The scientific background of Faustino Cordón (1909) started at the university, continued -after being interrupted by the Spanish Civil War- in the Zeltia laboratories, Porriño, with Professor Calvet (1941-1945), and culminated in the Institute of Biology and Serotherapy (1945-1966), where he directed the Research Department from its creation in 1958. In this period the mastery of contemporary experimental biology allowed him to deal with problems of a new type and outline the line of thought that he was to develop in his maturity. He had not yet developed a project for organizing a general biological doctrine, and his theoretical developments were linked to the study of specific biological problems applied to industry. However, the new problems made it necessary to reorganize the available biological data and translate them into an experimental and evolutionist body of biological thought.
Cordón wrote four main works: Inmunidad y automultiplicación proteica (Spanish), Introducción al origen y evolución de la vida (Spanish), La evolución conjunta de los animales y su medio (Spanish) and Origen y evolución de la secreción gástrica. Una contribución al estudio del animal por su origen (Spanish), unpublished.
Inmunidad y automultiplicación proteica includes Cordón’s main theoretical research findings on immunity. Working on serums and vaccines in his late forties, Cordón dealt with an applied biology problem (how to prevent protein solutions from sensitizing, from causing an allergic reaction) that led him to a biological question of undoubted theoretical interest: when small amounts of a protein from a species unrelated to an animal are injected parenterally in the animal, why does this change its way of reacting to an injection of the same protein?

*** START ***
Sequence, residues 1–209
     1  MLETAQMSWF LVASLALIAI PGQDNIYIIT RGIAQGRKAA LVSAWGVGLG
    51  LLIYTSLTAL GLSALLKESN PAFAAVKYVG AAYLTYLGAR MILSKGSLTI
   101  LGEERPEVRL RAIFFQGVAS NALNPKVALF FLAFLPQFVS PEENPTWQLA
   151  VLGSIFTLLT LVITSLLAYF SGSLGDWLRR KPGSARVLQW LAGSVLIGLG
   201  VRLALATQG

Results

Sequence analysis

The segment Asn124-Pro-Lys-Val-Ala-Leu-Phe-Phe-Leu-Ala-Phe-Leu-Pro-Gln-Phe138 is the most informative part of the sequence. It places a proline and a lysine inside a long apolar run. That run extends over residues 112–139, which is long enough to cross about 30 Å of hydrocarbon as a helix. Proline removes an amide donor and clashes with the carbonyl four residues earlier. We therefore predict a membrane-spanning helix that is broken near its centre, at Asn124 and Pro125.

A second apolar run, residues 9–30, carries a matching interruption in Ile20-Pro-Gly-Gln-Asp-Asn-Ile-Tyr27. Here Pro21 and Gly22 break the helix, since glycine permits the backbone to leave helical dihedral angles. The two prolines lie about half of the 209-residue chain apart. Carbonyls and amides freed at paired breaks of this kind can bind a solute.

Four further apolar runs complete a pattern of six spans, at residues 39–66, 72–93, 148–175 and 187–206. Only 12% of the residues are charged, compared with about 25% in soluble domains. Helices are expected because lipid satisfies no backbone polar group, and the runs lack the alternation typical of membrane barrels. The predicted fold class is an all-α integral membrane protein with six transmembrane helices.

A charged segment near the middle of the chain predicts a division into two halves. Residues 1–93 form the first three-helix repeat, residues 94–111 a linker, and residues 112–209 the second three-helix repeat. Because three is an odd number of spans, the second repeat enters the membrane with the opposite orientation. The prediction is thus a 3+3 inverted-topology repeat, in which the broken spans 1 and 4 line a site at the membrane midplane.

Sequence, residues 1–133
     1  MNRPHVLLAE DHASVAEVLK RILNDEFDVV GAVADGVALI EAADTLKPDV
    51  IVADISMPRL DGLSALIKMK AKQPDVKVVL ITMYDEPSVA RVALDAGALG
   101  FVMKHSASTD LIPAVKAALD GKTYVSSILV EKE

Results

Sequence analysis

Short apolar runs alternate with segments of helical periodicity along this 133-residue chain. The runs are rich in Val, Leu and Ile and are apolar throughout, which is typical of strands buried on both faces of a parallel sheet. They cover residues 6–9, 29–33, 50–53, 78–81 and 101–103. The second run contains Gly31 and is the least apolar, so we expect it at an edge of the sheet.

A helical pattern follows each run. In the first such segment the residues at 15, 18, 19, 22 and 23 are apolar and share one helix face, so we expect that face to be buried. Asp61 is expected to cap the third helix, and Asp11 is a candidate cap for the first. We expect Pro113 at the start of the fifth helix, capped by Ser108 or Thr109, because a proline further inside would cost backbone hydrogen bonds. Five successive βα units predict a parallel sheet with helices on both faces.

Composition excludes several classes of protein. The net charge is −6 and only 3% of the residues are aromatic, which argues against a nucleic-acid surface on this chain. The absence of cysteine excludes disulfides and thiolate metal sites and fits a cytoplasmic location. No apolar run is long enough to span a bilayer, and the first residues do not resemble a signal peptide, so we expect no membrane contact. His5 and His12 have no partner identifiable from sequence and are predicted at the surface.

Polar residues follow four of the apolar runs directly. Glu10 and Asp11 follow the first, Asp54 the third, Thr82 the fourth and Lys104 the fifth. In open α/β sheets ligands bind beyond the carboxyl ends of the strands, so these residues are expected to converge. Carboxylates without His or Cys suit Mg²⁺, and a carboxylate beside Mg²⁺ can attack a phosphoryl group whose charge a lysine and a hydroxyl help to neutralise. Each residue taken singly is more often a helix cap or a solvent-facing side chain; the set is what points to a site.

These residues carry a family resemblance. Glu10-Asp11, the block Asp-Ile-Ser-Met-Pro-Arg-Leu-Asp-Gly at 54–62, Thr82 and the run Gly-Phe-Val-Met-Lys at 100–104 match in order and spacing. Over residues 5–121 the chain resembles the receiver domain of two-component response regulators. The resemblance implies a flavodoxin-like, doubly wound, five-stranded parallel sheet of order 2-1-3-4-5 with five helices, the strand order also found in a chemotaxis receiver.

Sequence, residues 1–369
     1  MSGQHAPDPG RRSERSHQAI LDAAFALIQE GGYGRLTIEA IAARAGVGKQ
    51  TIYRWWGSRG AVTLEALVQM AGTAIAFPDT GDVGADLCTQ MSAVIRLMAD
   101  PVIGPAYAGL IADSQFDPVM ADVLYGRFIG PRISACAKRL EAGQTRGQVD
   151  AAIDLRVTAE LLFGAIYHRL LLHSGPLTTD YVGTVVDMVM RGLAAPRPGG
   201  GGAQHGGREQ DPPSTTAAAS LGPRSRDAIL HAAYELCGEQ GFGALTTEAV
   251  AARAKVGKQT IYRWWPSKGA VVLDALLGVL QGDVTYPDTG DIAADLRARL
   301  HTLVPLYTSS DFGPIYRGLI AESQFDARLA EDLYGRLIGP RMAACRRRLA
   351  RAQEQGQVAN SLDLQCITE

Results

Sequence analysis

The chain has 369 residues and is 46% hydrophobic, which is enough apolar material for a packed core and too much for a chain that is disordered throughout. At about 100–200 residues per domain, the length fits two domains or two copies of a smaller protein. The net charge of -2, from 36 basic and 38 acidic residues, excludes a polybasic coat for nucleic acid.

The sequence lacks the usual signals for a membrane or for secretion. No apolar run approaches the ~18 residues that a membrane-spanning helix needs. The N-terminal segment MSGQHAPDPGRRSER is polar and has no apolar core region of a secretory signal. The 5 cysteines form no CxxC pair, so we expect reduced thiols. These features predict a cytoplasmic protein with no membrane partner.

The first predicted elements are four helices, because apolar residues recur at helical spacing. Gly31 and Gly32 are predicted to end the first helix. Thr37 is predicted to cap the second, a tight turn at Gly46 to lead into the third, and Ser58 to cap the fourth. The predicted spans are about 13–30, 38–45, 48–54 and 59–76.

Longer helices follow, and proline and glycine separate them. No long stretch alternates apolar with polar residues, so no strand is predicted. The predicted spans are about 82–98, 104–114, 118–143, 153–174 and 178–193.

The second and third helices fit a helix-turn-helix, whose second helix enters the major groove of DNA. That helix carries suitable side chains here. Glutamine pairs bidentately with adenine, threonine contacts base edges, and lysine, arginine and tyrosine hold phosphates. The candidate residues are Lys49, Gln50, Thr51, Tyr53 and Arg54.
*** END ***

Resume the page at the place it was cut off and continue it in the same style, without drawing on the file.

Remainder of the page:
More specifically, outside the current sphere of immunology, Cordón experimented with allergy to casein in guinea pigs, striving to observe the facts strictly and seeking the key to them, first intuitively and later by creating a working hypothesis to be tested with all the relevant known facts. He then compared the explanatory power of his own theoretical thinking with the mode or modes of interpretation of these events by orthodox immunology, using as a basis Robert Doerr’s Die Immunitätsforschung: Ergebnisse und Probleme in Einzeldarstellungen (the eight volumes of which he later translated for La Revista de Occidente). But what is really significant is not that Cordón was able to give a better explanation for the facts than orthodox immunology, to bring together fields of immunology that had previously been unconnected, and to discover and interpret new facts (which is in itself a great achievement), but that this experimental biological research was translated into problems of a new type, a comprehensive and evolutionist set of biological problems. For instance, the existence and nature of the intense subcellular life, the subcellular level of living beings (protein life); the general concept of the biological integrative level; and the relationships of origin and maintenance between living beings of different levels and between living beings and inorganic beings.